Nepal's top political leaders met Monday with representatives of the Madhesi ethnic group who are protesting against the country's new constitution to try to end a months-long crisis, but no agreement was reached.
The protesters have imposed a general strike in much of southern Nepal and blocked a key border point with India, causing a shortage of fuel and other goods in the Himalayan nation. They are demanding a bigger state than granted in the new constitution and greater representation in the government.
After Prime Minister Khadga Prasad Oli and top leaders in the coalition government and the main opposition Nepali Congress party held discussions Monday with Madhesi leaders, both sides said there was no agreement reached but pledged to continue with talks.
Laxman Lal Karna, a Madhesi leader, said they agreed to meet again Wednesday night to discuss their key demands.
"We told the government to stop using force to stop our protests and peace rallies," Karna said. "The government is yet to even implement the two agreements reached in a previous meeting on providing free treatment for wounded protesters and monetary compensation for families of those killed. Our talks today made no progress in resolving anything."
The government side, however, appeared more optimistic about the talks.
"The meeting today has helped create a conducive environment between the three sides," said Narayan Kaji Shrestha of the United Communist Party of Nepal Maoists. "Though no agreement was reached today, we have all reached an understanding that there would be continuity to the talks."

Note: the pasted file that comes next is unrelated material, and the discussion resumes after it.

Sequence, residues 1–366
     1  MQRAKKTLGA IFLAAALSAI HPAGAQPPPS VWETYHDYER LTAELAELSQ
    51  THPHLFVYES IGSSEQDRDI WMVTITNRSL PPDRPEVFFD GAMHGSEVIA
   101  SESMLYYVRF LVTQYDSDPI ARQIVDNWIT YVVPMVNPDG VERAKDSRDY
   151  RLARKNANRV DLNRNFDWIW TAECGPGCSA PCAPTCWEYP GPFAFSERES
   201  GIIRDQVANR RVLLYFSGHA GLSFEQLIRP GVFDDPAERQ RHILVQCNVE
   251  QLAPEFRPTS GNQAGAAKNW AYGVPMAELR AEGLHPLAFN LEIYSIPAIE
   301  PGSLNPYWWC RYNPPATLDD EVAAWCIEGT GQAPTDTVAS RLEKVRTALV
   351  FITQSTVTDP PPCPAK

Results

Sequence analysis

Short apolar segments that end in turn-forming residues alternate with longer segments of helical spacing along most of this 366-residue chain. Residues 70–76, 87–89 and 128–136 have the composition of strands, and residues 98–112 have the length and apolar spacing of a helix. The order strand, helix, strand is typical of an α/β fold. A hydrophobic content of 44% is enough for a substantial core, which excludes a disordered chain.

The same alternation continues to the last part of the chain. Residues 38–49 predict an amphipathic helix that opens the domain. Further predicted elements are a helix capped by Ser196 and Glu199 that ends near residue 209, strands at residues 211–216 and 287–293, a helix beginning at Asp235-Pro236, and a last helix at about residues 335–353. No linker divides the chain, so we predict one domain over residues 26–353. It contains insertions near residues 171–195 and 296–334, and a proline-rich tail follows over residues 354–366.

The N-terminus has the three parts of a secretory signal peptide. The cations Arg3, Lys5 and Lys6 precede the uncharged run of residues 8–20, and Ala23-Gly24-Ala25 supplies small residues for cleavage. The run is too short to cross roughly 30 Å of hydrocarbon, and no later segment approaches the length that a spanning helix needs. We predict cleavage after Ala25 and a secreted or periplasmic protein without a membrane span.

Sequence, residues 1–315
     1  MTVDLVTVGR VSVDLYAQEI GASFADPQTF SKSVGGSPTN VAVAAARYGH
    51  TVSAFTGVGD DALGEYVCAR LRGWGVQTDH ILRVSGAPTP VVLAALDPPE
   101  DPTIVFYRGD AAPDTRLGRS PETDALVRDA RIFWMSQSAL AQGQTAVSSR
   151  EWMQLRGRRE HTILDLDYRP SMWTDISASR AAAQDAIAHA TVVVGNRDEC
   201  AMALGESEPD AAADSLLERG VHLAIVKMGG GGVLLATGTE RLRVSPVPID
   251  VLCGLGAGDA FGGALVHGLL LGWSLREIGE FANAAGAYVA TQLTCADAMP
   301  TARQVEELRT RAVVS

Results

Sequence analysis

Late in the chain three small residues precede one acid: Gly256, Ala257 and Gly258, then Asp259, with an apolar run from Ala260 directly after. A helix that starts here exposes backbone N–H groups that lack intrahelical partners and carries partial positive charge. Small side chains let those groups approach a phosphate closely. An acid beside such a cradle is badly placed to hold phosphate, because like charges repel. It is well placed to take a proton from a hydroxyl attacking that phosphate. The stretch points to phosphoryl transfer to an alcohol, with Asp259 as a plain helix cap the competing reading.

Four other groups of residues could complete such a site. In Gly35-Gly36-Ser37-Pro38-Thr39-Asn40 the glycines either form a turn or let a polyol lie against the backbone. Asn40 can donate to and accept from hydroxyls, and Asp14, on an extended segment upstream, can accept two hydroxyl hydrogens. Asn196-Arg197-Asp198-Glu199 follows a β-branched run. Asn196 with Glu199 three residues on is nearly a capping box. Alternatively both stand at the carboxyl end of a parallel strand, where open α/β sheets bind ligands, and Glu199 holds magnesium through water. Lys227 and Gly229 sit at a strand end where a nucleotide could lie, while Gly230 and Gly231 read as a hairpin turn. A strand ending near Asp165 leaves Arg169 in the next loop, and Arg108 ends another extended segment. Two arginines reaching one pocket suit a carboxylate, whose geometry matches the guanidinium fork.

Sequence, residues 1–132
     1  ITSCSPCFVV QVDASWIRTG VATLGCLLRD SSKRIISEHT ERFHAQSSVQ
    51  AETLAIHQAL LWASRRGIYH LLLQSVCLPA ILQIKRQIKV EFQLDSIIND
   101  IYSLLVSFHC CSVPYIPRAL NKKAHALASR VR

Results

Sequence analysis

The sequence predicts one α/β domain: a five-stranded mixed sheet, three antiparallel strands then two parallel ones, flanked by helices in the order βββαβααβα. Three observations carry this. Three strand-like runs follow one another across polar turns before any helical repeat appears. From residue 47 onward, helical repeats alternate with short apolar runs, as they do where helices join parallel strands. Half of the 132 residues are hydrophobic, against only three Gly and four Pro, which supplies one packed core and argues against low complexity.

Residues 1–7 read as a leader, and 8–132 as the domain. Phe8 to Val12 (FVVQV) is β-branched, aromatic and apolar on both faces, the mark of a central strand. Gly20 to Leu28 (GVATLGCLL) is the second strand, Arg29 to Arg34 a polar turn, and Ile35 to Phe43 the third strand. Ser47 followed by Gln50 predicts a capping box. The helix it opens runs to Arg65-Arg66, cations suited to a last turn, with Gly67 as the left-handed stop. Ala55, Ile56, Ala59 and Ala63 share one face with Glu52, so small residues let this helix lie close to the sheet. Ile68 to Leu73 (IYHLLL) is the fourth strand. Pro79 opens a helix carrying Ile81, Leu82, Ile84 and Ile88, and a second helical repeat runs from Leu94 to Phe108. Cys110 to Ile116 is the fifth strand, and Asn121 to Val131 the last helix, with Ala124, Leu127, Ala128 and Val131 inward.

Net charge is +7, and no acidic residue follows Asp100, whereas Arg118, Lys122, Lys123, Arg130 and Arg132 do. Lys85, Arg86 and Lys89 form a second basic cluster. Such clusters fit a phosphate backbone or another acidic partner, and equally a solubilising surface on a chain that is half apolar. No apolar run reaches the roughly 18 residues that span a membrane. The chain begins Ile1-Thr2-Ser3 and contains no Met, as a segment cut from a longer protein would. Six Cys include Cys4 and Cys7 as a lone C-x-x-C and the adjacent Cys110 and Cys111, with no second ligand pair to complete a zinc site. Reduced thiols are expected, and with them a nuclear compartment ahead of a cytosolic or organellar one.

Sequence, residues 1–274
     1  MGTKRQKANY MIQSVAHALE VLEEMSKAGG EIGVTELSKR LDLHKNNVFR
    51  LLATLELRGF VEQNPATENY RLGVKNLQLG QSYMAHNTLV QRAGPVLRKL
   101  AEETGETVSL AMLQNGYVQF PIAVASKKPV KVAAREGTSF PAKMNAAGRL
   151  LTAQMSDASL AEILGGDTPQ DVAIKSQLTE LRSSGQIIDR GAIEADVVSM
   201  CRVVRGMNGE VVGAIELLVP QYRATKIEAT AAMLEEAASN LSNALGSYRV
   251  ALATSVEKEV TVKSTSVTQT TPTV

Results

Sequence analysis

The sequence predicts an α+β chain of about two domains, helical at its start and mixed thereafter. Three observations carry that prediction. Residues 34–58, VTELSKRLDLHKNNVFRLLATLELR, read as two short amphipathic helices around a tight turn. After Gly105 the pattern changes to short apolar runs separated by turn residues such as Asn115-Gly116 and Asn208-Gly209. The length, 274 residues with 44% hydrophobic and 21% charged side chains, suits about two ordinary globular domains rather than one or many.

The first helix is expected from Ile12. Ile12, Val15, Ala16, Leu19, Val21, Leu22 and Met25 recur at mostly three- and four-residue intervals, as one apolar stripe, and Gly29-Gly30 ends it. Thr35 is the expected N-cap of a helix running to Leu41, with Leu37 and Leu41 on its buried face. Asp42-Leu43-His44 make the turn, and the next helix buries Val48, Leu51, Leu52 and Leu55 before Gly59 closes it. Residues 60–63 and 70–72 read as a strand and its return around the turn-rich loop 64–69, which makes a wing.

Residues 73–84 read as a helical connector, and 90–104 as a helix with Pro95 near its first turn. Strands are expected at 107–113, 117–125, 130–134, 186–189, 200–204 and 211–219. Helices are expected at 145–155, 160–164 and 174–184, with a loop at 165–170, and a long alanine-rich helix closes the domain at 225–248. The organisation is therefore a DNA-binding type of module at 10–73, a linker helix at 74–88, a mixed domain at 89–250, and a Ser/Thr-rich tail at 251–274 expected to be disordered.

Madhesis say the new constitution unfairly divides Nepal into seven states with borders that cut through their ancestral homeland. They want the states to be larger and to be given more autonomy over local matters.
At least 50 people have been killed in the protests since August.
The United Nations' children's agency warned Monday that more than 3 million children under the age of 5 in Nepal "are at risk of death or disease during the harsh winter months due to a severe shortage of fuel, food, medicines and vaccines."
UNICEF said in a statement that the Nepalese government's regional medical stores had already run out of vaccines against tuberculosis, and that stocks of other vaccines and antibiotics were critically low.
It said the 125,000 newborns expected in Nepal in the next two months are at particular risk, with ambulance services hit by the fuel shortage, resulting in a drop in births in hospitals and health centers. The lack of fuel for heating also increases the risk of hypothermia and death for newborn babies, it said.